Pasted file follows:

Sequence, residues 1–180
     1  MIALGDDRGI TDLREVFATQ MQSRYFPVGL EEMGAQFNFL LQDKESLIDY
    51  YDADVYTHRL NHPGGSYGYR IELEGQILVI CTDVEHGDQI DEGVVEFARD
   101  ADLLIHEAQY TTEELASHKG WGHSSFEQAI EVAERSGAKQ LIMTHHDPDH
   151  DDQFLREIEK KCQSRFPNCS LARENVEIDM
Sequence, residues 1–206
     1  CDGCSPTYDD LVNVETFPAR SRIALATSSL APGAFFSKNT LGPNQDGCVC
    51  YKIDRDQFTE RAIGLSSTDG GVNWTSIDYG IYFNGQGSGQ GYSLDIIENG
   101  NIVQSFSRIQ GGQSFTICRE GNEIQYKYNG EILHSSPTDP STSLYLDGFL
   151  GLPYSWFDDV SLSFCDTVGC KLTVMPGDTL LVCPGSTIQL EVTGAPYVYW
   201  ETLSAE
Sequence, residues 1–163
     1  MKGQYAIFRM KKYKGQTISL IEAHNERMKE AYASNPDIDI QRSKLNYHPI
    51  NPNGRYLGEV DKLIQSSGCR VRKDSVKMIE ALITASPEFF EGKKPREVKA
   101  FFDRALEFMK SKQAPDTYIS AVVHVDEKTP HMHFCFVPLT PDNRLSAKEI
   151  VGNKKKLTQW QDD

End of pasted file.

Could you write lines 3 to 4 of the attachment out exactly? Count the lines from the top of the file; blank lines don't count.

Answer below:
    51  YDADVYTHRL NHPGGSYGYR IELEGQILVI CTDVEHGDQI DEGVVEFARD
   101  ADLLIHEAQY TTEELASHKG WGHSSFEQAI EVAERSGAKQ LIMTHHDPDH